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Painters and Allied Trades Veterans Program

Veteran program paints the path to a future career

Northwest Guardian

Published: 01:51PM March 15th, 2018

Northwest Guardian

Dave Jones, left, instructor, listens as Spc. Jake Holmes, 8th Squadron, 1st Cavalry Regiment, 2nd Brigade, 2nd Infantry Division, holds and describes the parts of a full-face mask and respirator during a show and tell session in the Painters and Allied Trades Veterans Program class at the McChord Field Education Center March 1. Also pictured, left of Holmes, classmates from 2nd Bde., 2nd Inf. Div: Sgt. Warren Feeley, 4th Battalion, 23rd Infantry Regiment, and Pvt. Ernest Galindez, Headquarters and Headquarters Company.

It takes three minutes for Dave Jones to make a believer of potential students for the Painters and Allied Trades Veterans Program. Jones teaches the class at Joint Base Lewis-McChord and at South Seattle Community College.

Jones recruits at the Service Member for Life Transition Assistance Program on Lewis Main every Monday as one of several recruiters of programs for transitioning military service members, spouses and veterans.

The advantage of his program is 100 percent job placement for those who complete the one-month course, Jones said.

“They get a union job with full benefits and retirement — you can’t do much better,” Jones said.

Those who finish the course receive credit for six months of training in that one month. That’s the first six months of the two years and six months it takes to earn a journeyman’s card.

The classes are free — paid for by the the Union of Painters and Allied Trades — for service members 180 days prior to or after transitioning out of the military, as well as for military spouses. Exceptions also can be made for veterans who have been out of the military longer than 180 days on a case-by-case basis, Jones said.

Classes are scheduled twice a year when enough students sign up. The current class of seven students began Feb. 26, and the next class begins in July.

So, what do attendees learn when they sign up for the four days a week, four week course? A lot of information on tools, work and safety.

On March 1, students spent time in a show and tell session, describing tools and their uses.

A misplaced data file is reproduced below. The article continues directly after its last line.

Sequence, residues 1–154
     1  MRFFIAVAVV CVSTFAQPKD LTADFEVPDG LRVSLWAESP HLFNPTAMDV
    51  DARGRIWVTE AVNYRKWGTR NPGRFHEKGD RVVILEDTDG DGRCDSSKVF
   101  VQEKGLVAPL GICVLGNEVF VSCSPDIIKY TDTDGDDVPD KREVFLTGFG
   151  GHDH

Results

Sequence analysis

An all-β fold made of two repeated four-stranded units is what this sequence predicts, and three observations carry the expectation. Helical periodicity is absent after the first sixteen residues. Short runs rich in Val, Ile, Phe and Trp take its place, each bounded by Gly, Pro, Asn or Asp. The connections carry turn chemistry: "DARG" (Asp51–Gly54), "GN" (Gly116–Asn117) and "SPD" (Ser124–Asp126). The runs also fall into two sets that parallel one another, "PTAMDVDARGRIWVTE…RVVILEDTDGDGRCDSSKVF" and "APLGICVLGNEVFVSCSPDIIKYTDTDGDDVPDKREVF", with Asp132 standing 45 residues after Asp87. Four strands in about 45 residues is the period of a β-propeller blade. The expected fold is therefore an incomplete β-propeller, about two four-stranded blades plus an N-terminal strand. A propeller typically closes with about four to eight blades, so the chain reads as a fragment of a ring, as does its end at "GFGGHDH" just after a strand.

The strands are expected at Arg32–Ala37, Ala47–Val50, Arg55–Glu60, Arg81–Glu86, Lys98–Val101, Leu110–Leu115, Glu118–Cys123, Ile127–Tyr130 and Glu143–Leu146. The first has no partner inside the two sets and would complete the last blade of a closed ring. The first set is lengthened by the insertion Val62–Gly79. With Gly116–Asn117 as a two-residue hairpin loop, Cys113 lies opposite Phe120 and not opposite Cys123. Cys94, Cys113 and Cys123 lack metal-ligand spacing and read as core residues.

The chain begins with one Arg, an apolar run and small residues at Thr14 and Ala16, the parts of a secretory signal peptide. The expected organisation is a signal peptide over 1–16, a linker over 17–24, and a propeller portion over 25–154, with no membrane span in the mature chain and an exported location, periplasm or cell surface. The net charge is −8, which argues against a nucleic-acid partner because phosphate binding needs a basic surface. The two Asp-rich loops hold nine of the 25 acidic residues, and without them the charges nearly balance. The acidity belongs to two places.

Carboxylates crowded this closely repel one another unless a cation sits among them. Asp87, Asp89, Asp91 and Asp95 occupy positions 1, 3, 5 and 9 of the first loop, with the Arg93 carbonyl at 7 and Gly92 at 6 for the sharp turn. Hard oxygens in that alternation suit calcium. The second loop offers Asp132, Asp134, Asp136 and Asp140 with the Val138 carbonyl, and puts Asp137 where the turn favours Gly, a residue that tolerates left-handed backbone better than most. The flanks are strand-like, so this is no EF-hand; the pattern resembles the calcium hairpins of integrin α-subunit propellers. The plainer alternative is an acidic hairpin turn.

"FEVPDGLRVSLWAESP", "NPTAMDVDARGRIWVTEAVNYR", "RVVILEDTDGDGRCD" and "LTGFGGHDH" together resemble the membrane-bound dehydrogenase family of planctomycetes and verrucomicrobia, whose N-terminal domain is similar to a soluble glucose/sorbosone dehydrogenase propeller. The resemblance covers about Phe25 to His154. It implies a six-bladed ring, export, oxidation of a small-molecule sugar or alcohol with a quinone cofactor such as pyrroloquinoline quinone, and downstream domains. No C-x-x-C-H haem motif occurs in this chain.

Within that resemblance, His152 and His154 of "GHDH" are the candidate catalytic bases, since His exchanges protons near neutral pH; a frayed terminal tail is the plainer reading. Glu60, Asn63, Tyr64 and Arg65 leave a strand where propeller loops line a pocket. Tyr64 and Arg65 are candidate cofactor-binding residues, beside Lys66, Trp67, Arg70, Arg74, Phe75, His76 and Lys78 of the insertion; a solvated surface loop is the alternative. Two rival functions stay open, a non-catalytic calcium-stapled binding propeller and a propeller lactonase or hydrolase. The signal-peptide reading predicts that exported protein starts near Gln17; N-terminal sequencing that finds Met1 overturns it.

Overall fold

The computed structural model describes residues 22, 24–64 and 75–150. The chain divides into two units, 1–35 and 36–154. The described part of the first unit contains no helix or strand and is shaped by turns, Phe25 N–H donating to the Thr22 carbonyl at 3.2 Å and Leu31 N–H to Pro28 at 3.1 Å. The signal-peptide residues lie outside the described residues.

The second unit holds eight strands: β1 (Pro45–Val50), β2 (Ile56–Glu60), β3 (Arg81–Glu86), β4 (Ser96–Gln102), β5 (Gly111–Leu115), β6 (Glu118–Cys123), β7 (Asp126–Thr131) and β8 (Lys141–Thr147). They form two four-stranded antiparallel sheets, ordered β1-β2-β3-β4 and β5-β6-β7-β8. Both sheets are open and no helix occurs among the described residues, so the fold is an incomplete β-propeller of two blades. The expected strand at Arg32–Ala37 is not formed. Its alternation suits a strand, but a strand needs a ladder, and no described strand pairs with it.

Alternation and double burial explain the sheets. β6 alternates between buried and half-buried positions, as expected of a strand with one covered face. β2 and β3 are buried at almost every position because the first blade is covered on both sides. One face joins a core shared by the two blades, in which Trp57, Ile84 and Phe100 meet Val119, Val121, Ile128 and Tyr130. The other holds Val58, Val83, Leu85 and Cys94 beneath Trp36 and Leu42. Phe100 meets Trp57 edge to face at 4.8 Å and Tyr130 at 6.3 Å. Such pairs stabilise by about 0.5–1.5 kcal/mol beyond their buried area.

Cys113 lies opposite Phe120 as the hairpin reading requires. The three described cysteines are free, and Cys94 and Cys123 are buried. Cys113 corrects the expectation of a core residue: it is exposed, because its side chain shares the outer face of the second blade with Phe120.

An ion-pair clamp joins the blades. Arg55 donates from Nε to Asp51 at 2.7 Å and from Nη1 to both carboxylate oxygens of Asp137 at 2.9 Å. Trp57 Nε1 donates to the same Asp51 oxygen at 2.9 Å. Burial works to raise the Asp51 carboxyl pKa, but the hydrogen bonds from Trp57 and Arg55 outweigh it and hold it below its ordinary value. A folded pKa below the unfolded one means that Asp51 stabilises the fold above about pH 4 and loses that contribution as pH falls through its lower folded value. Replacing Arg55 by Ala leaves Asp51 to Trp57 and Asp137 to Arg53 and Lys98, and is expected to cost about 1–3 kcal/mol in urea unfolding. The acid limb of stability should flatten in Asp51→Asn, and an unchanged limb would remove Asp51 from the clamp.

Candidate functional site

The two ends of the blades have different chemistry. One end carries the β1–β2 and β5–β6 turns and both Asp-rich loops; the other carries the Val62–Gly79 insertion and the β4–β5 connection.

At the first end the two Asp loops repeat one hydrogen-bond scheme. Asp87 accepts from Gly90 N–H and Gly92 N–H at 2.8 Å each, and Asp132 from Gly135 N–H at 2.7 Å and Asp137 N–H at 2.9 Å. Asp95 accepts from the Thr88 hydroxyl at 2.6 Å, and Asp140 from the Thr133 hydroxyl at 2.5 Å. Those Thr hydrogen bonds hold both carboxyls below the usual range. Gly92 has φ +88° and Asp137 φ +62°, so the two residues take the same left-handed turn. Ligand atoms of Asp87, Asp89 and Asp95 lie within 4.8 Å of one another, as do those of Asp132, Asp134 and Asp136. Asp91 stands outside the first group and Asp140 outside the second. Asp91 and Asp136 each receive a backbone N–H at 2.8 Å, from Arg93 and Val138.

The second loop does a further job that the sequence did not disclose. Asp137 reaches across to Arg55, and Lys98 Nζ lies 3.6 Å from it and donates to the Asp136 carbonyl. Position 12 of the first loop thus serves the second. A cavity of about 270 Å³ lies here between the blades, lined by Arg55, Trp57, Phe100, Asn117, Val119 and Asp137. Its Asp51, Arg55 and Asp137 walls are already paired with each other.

“This is a conventional paint sprayer and this is the cheater valve, to adjust the volume of the spray,” said Spc. Shelden Alapeahi, 2nd Battalion, 17th Field Artillery Regiment, 2nd Infantry Division Artillery, after Jones placed the implement in front of Alapeahi.

Alapeahi is originally from Hawaii and joined the Army about three years ago. He said he’s enjoying the painter’s union class.

“It’s something new and looks like a good career,” he said.

Ivory Marshall, a military spouse in the class, said he’s hoping to find a good-paying job that will help support his family, and the class seems to be a step in that direction.

Marshall, whose wife is Sgt. Kashiara Marshall, 1st Battalion, 23rd Infantry Regiment, 1st Brigade, 2nd Infantry Division, started his own pressure washing company previously, but wasn’t able to get enough business to stay afloat.

“I really have no strong work history, but Dave (Jones) the instructor is very serious about helping me work through the program,” Marshall said.

During the class, Marshall described titles and uses for a handful of paint brushes Jones handed him.

“This is a natural bristle, chip brush,” he said, as he held the larger of the brushes. “It’s for oil-based paint.”

“And, this is a synthetic brush for latex paint,” he said of a smaller brush.

Specialist Jake Holmes, 8th Squadron, 1st Cavalry Regiment, 2nd Brigade, 2nd Infantry Division, held a full-face mask and turned it over several times, weighing his thoughts before naming and describing the use for that item.

“It’s a full mask with a respirator,” he said.

Next, Jones segued into the importance of safety and changing filters or smaller nose and mouth masks on a regular basis, even if told by a supervisor that the masks last longer than a few hours or a day.

“If you are in moderate fumes, it could probably last you all day; but, when you can taste or smell fumes, it’s time to change the mask or filter,” he said. “The exposure level is going to be up there, and it’s important.”

Safety is one of the most important segments of Jones’ classes.

“We inundate (the students) with safety,” he said.

After two weeks at McChord Field Education Center and two weeks at SSCC, students complete the course and can move on to a job in commercial painting, wall covering, drywall finishing, floor covering installation or dozens of other related crafts.

“I’m pretty passionate about teaching my students,” said Jones, who previously served 24 years as a Navy Seabee. “This class offers transitioning service members a way to be in control of their own destiny. Without a direction to go, (the service members) would likely take a low paying job. I’m trying to help them get beyond that.”

To learn more about the Painters and Allied Trades Veterans Program,